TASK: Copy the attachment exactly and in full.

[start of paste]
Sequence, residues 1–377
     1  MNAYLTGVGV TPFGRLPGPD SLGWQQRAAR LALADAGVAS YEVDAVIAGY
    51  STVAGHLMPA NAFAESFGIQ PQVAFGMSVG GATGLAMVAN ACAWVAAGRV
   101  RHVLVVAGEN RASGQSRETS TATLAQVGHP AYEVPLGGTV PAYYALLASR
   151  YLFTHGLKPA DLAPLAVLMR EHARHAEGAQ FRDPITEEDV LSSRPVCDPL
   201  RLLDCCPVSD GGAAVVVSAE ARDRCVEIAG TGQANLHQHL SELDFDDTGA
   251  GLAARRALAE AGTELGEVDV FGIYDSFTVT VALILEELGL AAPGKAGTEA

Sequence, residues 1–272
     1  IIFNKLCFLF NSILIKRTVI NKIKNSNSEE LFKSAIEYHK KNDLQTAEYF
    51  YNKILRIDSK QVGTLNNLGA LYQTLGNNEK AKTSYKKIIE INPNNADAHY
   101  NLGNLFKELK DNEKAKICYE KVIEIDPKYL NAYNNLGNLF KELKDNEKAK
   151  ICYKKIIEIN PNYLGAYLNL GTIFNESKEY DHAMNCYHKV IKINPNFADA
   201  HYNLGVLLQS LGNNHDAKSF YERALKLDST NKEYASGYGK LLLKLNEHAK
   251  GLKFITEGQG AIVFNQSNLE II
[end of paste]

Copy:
Sequence, residues 1–377
     1  MNAYLTGVGV TPFGRLPGPD SLGWQQRAAR LALADAGVAS YEVDAVIAGY
    51  STVAGHLMPA NAFAESFGIQ PQVAFGMSVG GATGLAMVAN ACAWVAAGRV
   101  RHVLVVAGEN RASGQSRETS TATLAQVGHP AYEVPLGGTV PAYYALLASR
   151  YLFTHGLKPA DLAPLAVLMR EHARHAEGAQ FRDPITEEDV LSSRPVCDPL
   201  RLLDCCPVSD GGAAVVVSAE ARDRCVEIAG TGQANLHQHL SELDFDDTGA
   251  GLAARRALAE AGTELGEVDV FGIYDSFTVT VALILEELGL AAPGKAGTEA

Sequence, residues 1–272
     1  IIFNKLCFLF NSILIKRTVI NKIKNSNSEE LFKSAIEYHK KNDLQTAEYF
    51  YNKILRIDSK QVGTLNNLGA LYQTLGNNEK AKTSYKKIIE INPNNADAHY
   101  NLGNLFKELK DNEKAKICYE KVIEIDPKYL NAYNNLGNLF KELKDNEKAK
   151  ICYKKIIEIN PNYLGAYLNL GTIFNESKEY DHAMNCYHKV IKINPNFADA
   201  HYNLGVLLQS LGNNHDAKSF YERALKLDST NKEYASGYGK LLLKLNEHAK
   251  GLKFITEGQG AIVFNQSNLE II